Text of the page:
You ever have one of those moments when you walk into a comic book store not really sure what you want and you end up walking out with something so unexpected you didn’t even know you wanted it until you found it? That experience happened to me less than a week ago when I discovered Boom! Studios and IDW’s new collaboration Mighty Morphin’ Power Rangers/Teenage Mutant Ninja Turtles. I had no idea this crossover was even happening, and I was beyond delighted when I saw the first issue staring back at me from the racks. My inner seven-year-old leapt for joy and I picked it up immediately. I knew I was in for a treat and I was not disappointed.
Perhaps some of my background with these franchises is in order. I was the perfect age when Mighty Morphin’ Power Rangers hit TV screens in the mid-1990s. I was quickly engrossed in this world of color-coded, monster fighting, teenage superheroes with transforming robotic dinosaurs. I quickly started collecting the action figures and even proudly went as the Blue Ranger for Halloween. I distinctly remember going to see the movie adaptation of the show when it came out. I stayed current with the various TV incarnations of the Power Rangers up until Power Rangers Time Force (I think) but by then I was becoming a teenager and I eventually grew out of it. I haven’t tried to go back and watch Mighty Morphin’ as an adult. Something tells me it won’t hold up and I have no desire to ruin the nostalgic memories I have of the show.
My history with TMNT is less straightforward. The iconic 1987 Teenage Mutant Ninja Turtles cartoon was still on TV when I was a kid, but I have only vague memories of seeing and enjoying a few episodes. I certainly knew who the Turtles, Splinter, and Shredder were, but I cannot say that I was a dedicated fan. I was too busy watching Power Rangers and Batman the Animated Series. Eventually as a teenager I did watch and enjoy the 2003 incarnation of the cartoon and my appreciation of the TMNT universe has only grown with time. Oddly, I can say that I am more a fan of the Turtles as an adult in my 30s then I ever was as a kid.
So, with all that out of the way, what did I think of Power Rangers/TMNT #1? In short, it was amazing and everything I could have hoped for in a crossover of this kind. TMNT has already had major crossovers with other big-name properties including Batman/TMNT (which is one of my favorite comics of recent years – definitely check it out!) and TMNT/Ghostbusters (which is currently on my shelf waiting to be read) and Power Rangers/TMNT continues the tradition of quality art and fan-pleasing storytelling from those other miniseries. Writer Ryan Parrott seems to have a good handle on the personalities and tones of both the Rangers and the Turtles and effortlessly moves the plot between them until they converge in an action-packed climax. The dialogue is snappy and easy to follow. It definitely has the Saturday morning cartoon vibe which I love. The art is, in a word, spectacular! Simone di Meo’s illustrations are dynamic and fluid, perfectly fitting such an action-oriented title. The colors by Walter Baiamonte and Igor Monti are crisp and vibrant, which is important for two such colorful hero teams.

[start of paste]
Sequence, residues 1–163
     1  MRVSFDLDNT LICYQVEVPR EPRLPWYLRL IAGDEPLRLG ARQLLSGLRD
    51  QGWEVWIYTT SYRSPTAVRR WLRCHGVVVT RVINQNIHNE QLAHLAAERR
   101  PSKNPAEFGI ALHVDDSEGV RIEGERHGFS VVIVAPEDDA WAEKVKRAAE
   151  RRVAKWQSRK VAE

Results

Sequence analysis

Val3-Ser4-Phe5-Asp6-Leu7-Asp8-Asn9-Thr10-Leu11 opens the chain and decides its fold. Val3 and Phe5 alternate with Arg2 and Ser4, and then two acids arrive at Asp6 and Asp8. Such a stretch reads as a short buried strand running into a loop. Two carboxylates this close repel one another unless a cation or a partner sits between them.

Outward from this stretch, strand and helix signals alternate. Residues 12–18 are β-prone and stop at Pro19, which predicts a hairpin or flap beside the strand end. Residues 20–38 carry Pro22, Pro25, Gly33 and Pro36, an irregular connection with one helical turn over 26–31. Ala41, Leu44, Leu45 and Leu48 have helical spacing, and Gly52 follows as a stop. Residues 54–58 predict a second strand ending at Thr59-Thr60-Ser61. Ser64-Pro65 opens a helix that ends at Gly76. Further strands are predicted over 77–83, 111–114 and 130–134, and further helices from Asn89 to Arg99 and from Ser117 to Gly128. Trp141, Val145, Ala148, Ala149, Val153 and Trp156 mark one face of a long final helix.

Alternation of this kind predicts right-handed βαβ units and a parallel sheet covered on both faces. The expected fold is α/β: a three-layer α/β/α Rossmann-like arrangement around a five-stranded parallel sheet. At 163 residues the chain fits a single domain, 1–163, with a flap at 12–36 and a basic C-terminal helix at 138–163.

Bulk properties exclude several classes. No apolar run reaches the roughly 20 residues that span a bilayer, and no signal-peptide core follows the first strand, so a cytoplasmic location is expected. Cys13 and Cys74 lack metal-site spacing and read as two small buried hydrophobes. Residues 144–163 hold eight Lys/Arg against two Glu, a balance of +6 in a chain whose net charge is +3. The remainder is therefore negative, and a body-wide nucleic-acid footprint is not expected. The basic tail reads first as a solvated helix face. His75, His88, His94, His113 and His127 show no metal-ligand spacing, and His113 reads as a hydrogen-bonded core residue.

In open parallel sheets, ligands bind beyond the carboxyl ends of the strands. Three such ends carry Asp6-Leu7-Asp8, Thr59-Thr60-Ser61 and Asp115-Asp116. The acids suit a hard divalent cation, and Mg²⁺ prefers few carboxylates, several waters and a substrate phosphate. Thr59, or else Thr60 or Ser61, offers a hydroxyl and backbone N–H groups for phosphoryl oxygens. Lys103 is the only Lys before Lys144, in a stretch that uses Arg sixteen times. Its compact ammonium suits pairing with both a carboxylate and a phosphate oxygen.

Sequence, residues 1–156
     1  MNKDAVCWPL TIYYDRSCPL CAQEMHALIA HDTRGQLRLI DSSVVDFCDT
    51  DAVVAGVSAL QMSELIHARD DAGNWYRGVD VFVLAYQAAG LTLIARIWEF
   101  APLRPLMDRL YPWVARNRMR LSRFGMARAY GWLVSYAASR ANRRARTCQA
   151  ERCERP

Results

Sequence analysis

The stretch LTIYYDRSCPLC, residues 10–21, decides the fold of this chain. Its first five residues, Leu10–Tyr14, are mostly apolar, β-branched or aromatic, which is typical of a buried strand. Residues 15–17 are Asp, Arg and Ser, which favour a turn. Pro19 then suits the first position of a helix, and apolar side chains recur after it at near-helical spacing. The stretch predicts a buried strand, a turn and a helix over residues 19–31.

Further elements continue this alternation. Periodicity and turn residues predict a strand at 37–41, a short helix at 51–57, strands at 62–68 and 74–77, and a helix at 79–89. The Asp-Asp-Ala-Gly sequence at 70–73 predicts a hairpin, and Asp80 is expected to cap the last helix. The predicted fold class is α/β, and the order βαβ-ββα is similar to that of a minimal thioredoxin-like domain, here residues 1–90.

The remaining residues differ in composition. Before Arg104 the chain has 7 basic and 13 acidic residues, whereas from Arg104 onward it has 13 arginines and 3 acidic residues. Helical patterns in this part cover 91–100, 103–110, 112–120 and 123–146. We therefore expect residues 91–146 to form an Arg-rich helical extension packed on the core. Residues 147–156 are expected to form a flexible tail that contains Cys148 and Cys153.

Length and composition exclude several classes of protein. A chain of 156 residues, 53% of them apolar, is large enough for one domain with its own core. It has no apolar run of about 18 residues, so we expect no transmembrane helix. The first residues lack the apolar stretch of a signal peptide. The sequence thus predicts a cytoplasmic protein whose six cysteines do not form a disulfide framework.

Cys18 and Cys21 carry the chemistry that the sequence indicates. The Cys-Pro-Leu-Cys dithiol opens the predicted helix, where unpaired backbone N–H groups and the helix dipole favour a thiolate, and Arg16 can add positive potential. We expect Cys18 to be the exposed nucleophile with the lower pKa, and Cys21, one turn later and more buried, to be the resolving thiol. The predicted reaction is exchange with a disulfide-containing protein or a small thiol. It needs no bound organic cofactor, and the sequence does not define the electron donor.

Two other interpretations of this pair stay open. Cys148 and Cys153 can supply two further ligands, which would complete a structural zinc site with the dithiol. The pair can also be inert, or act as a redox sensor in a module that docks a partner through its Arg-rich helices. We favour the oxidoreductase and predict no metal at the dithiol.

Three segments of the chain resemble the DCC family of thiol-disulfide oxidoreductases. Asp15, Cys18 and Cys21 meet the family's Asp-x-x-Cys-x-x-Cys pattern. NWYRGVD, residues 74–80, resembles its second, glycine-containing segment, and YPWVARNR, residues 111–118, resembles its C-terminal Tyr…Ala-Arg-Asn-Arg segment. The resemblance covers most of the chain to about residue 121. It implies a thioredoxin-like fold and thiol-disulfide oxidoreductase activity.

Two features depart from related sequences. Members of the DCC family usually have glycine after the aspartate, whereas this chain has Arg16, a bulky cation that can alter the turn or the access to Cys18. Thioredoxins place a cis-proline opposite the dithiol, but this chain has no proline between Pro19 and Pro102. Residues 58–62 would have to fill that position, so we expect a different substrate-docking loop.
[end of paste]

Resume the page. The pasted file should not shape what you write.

***Skip to the last paragraph to avoid SPOILERS for issue #1***
The plot of the first issue is pretty standard for crossovers of this kind. I in no way mean this as a criticism. Both the Rangers and the Turtles are introduced very well, and if you’re at all familiar with these characters you’ll soon find yourself settling back into the recognizable dynamics of these two teams. For me, it was like becoming reacquainted with old friends.
The biggest surprise plot-wise was the revelation that Tommy Oliver, the Green Ranger, has left the team. It’s not really explained why, and I can only assume it has something to do with events in the Rangers’ ongoing series. It turns out that Tommy has travelled to New York City and joined the Shredder’s Foot Clan as a ninja. It’s not made explicitly clear whether the Turtles and the Rangers inhabit the same universe or different dimensions in the multiverse. This is made more head-scratching when the Turtles clearly recognize Tommy as a Power Ranger when he morphs. However, when the other Rangers track Tommy’s morph signature and arrive to assist him they have no idea what the Turtles are (they initially mistake them for monsters created by Rita Repulsa). As usual in these types of crossovers, the misunderstanding between the two teams leads to a climactic fight. The battle itself is entertaining, especially because of the witty (and at times fourth-wall-breaking) banter between the combatants. The issue ends with the Shredder looking on from a rooftop, proclaiming that the Green Ranger will be his to command.
From first page to last, Power Rangers/TMNT #1 is a delightful nostalgia trip and a joyful tribute to both the Rangers and the Turtles. I can’t wait to see where the plot goes from here and will be reviewing all of the remaining four issues of this miniseries, so stay tuned! If you are a fan of either or both of these franchises, I heartily recommend picking up this issue. I haven’t read anything of the ongoing main series of Mighty Morphin’ Power Rangers from Boom! Studios or IDW’s Teenage Mutant Ninja Turtles but I’ve heard nothing but good things about both. If their quality is anything like what I’ve encountered here, I can’t wait to start building a backlog of those comics to read so that I can continue to get my Saturday morning cartoon nostalgia fix.